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Coronation of the Virgin, Annunciation, six Saints and three angels (English, 15th Century)

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posted by Simon Knott alias Simon Knott on Saturday 9th of April 2016 06:50:31 PM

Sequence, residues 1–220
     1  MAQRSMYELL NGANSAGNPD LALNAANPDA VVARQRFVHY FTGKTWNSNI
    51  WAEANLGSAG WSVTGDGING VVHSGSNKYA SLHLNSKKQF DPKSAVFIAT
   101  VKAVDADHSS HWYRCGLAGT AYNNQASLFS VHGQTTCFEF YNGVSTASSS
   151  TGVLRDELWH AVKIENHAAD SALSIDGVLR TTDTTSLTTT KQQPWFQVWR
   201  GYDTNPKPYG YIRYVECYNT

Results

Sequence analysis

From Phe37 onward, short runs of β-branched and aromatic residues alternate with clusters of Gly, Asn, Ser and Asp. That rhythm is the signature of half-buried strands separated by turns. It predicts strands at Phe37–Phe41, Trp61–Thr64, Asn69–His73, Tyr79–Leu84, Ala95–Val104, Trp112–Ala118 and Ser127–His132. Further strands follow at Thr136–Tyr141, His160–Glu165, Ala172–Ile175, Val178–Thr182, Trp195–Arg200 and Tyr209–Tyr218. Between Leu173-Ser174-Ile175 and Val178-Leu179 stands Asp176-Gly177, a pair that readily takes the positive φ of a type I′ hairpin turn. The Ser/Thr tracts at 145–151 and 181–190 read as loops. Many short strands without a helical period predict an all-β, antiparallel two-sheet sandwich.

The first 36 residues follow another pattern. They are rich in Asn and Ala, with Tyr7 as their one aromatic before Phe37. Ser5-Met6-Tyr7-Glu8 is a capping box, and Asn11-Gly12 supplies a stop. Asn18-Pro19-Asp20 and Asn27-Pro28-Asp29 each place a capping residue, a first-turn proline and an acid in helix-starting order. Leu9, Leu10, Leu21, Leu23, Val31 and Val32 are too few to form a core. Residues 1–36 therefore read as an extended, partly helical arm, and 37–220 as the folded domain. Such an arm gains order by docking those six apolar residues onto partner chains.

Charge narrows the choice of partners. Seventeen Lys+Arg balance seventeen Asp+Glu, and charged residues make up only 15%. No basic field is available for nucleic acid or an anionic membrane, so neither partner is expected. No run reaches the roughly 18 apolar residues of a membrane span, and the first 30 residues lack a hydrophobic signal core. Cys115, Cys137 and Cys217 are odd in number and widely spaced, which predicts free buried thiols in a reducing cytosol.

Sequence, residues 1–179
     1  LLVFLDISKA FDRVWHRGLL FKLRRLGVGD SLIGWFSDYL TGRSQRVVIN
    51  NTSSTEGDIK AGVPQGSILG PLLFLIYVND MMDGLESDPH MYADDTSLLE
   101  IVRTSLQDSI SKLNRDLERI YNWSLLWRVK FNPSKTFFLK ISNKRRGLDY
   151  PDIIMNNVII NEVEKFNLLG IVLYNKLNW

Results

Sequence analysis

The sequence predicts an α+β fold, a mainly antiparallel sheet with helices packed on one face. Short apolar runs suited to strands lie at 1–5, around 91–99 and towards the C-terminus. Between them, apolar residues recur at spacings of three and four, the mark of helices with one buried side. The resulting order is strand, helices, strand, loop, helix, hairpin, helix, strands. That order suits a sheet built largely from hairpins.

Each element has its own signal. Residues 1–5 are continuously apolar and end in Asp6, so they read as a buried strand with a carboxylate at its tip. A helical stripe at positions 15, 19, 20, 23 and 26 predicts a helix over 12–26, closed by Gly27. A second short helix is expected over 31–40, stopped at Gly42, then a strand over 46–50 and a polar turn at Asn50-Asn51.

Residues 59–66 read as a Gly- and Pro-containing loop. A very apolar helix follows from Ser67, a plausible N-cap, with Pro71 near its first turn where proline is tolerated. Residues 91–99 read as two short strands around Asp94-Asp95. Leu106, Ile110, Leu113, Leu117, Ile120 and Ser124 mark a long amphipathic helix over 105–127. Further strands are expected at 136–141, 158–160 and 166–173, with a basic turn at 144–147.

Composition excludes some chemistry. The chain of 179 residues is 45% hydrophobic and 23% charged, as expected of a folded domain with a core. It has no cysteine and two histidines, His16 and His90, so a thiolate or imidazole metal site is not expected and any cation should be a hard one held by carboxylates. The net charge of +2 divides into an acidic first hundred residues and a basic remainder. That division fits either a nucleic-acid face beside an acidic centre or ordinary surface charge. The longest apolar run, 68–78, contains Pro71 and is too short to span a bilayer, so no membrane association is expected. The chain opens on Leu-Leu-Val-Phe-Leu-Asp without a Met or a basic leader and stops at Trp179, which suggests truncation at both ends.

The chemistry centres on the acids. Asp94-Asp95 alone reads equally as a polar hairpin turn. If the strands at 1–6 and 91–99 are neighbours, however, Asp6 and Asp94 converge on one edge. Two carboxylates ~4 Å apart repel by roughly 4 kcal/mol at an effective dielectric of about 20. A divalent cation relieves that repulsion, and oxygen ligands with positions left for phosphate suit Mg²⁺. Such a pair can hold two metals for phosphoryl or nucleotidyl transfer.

St Peter, Ketteringham, Norfolk Top row: angel musician, angel from Orders of Angels, Blessed Virgin at the Coronation, Christ at the Coronation, fragments, angel musician. Second row: ladder from crucifixion, St George, St Margaret, St Edmund, Blessed Virgin at Annunciation, St Gabriel at Annunciation, St John the Baptist, St Bartholomew, St Michael, fragments. In 2006, I wrote: Ketteringham is just south of the main A11 road, but clever planning policies have left it feeling remote; more remote than it felt before the new road was built, probably. The village straggles along a mile or so of street, and the church is about half a mile to the south. My OS map showed a road leading up to it, but when we looked for this road it turned out to be the private drive of Ketteringham Hall, and was very firmly locked off. Instead, we had to go out into the country on the road to East Carleton and then come back northwards towards the church. It sits immediately beside another entrance to the Hall grounds, and you can see at once that it was a park church, the main churchyard entrances pointing towards gates into the grounds, the public lychgate in the corner added almost as an afterthought. Another sign that this was a park church is that it was patently given a good going over in the late 18th century. The antiquarian-minded squirearchy of the times didn't know much about medieval architecture, but it knew what it liked. Hence, the fortress-like pinnacle to the tower stairway, and the guardian angels at the other three corners. The residents of the Hall at the time were the Atkyns; their successors were the Boileaus, whose famous mausoleum is to the east of the church. It was built under very traumatic circumstances, one of the central incidents in Owen Chadwick's masterly Victorian Miniature, a book I only read after my visit here, but which will send me back there as soon as possible. There have been four main families that have left their impression here - the Grays, the Heveninghams, the Atkyns and the Boileaus. The atmosphere of the interior, at once rustic and grand, tells you that the Boileaus had more say in the 19th century than the ecclesiologists of Oxford and Cambridge ever did. Sir John Boileau, the hot-tempered, paternalistic Squire, was responsible for the elegant west gallery; he spent thirty years in dispute with the vain, egotistical, Calvinist Rector William Andrew, and his appalling wife Ellen, a tale recounted in Chadwick's book. The key lets you in through the vestry, and you step into a chancel which is quite overwhelming in the quantity of its memorials. There are over 500 years worth of them from all four families, and the best thing is that they are almost all both interesting and quirky - few of them are merely pompous or run of the mill. There are, broadly speaking, four groups. On the south side of the chancel is a large table tomb which might once have formed an Easter sepulchre. Set in its recess are two late 15th century brasses to Sir Henry and Lady Gray. An older brass to Jane Gray is set on the wall to the west of it. Moving west, the massive tomb by Robert Page for Edward Atkyns, who died in 1750, looks like nothing so much as a bath tub with lion's feet. Directly opposite is the family pew of the Atkyns, later that of the Boileaus - memorials of both families tower above it, most prominently the weeping woman and urn on the Richard Westmacott memorial to father and son Edward and Wright Atkyns; the array of weapons stacked beside the urn recall that the son died in battle. This is echoed in one of the later brass inscriptions set below to Charles Augustus Penryn Boileau, youngest son of Sir John Boileau. Something of a rake, he went to the Crimean War as a way of escaping his debts, and died in Malta on his way home as a result of injuries suffered at the 1855 seige of Sebastapol; a tangle of musket, sword, bugle and so on, is starkly carved from stone beneath. A memorial of similar size to John, Charles' eldest brother, matches it; more successful in public life than his brother, he was a parliamentary private secretary to Lord John Russell. Russell's retirement coincided with the end of the Crimean War; John rushed out to see it end, but caught a fever in Austro-Hungary. He came home, but was sent to the south of France to recuperate. He got as far as Dieppe, and died there in 1861. Between the two brasses is a central, larger one to their parents; SIr John Boileau, his movements, talents and emotions known to us today from Chadwick's book, a bull-headed yet sympathetic character who might have stepped out of the pages of Trollope, and his wife Catherine. Catherine should have been remembered by a memorial window depicting the Saint that gave her name; but there was such an uproar in the parish, fanned by the Rector, about having an image of a Saint in the church that Sir John relented. The Rector, who was not unkind, reported to Sir John that his greatest fear was that the simple people of the parish might think it was the Virgin Mary. Perhaps the most curious memorial is the most westerly one of this group. It is a 1910 memorial to Charlotte Atkyns, who died in Paris in 1836, and is buried in an unmarked grave; born a Walpole, she found herself caught up in the events of the French Revolution, and the inscription further recalls that she was the friend of Marie Antoinette, and made several brave attempts to rescue her from prison; and after that Queen's death strove to rescue the Dauphin of France. She bankrupted the family fortunes in her quest, mortgaging the Ketteringham estate and claiming to have spent an extraordinary eighty thousand pounds, about fifteen million in today's money. Owen Chadwick recalls that, on her death, she requested that her body be returned to Ketteringham and a marble slab be placed on the chancel walls. Her relatives of the time, left destitute by her enthusiasms, not unreasonably failed to carry out either request. You might think that Charlotte's Francophile adventures and the French name of the Boileaus might indicate a family connection; in fact, the Boileaus were an old Huguenot family who came to Norfolk by way of Dublin, and already owned Tacolneston Hall. They bought the bankrupt Ketteringham estate after Charlotte's death. Perhaps the best of all the memorials is in the north-east corner of the chancel, to Sir William Heveningham and his wife Mary. It is curious, the way the figures and prayerdesk at the bottom, and the ascending angel above, appear to obscure the inscription; but there may be a reason for this. Sir William was one of those who sat in judgement on Charles I, and although he did not actually sign the death warrant, he was deprived of his inheritance, and for many years his name was under a cloud. St Peter is obviously worth the visit for the memorials alone, but there is rather more to it than that. The church has one of the best collections of medieval and Flemish glass in central Norfolk. One of the most interesting aspects of the collection, given that the Hall was in the hands of four powerful families over the centuries, is that it includes a 15th century Grey arms, and so we may perhaps assume that the families that collected the later continental glass were adding it to English medieval glass that was already in situ. The most important glass is an English medieval Coronation of the Queen of Heaven, an extraordinarily rare pair of panels. Also English are numerous angels, a Saint Cecilia playing her psaltery, and a Bishop. Continental roundels include St Barbara, and there is also a fascinating St Christopher with a hermit looking on, which I take to be 15th century continental. One of the striking things about the east window is that this is a collection set for display. I assume that this was the work of the late 18th century Atkyns family. Mary Parker tells me that the entire window was reset in 1908 by the King workshop of Norwich, and that some of it is now in reverse order to that given in an account of 1851. Some of the panels are in poor condition, and I fear that this may be because they were originally set back-to-front, that is to say with the painting outside, exposed to the elements. The King restoration corrected this, but not before the damage had been done. If St Peter had none of the glass, and none of the memorials either, there would still be much to recommend it. The font is fascinating; four of the panels feature evangelistic symbols, and two others flowers; but the final two panels are very unusual. They are the only two that appear to have suffered iconoclasm; one is clearly a crucifixion scene, something like that which you find often on fonts in the seven sacraments series. The eighth panel is harder to decode. It shows a seated figure holding a staff - could it be Christ in judgement? Or the Mother of God enthroned? It is hard to say. The renewed roof, with its restored angels, is set on outstanding corbels, and there is a good view of them from up in the gallery. This is a small, narrow church, and the intimacy of the views from aloft is much to be recommended. In such a small building it even gives a good vantage point for photographing the east window if you have a decent zoom. Sir John Boileau built the gallery as a way of providing accommodation for the Sunday School, an interference that the Rector deeply resented. There was no way that Sir John's liberal paternalism and the Rector's fundamentalist intransigence were ever likely to accommodate each other. The firm security of tenure enjoyed by both, and the further sources of friction that arose between them, not least the interference of the Rector's wife, made the situation explosive. All around are hatchments of Atkyns and Boileaus. There is no doubt that they had their say, but strangely enough there is no sense of triumphalism; rather, they mark a church which is a real backwater, both geographically and in terms of English church furnishing and decoration. But if this was a backwater, it was a moneyed one; there is a real quality to the way everything was carried out here, and this remains today. As a good example, take the late 16th century painting on boards of the Wedding at Canaa in use as a reredos. My goodness, what a thing to find in an English country church! At the time it was painted, we were all enthusiastic protestants, stripping our churches and our lives of things of beauty. But here it is, an extraordinary Flemish survival, probably collected in the early 19th century. As I said at the start, Norfolk is still full of surprises. This is not a church you find by accident, and so it fully repays the effort of getting here and getting in. What must it have been like to attend divine service here in the 19th century? I assume that the entire parish, pretty much, worked for the Hall. Whose side were they on in the long-running dispute between Squire and Rector? The Rector had the advantage of a three-decker pulpit. The reading light now faces north-west, but at one time he would have faced north-east, to address the Hall pew. This must have given him something of an advantage on a Sunday. But today it is the Hall families we remember; the Grays, the Heveninghams, the Atkyns and especially the Boileaus. So, spare a glance and a thought before leaving for the cold stone memorial on the south nave wall for William Wayte Andrew, Rector through the middle years of the 19th century. In his evangelical Calvinist zeal he faced up to the Boileaus, but it must be with pursed lips that he is a silent witness to them now. Simon Knott, 2006, updated 2016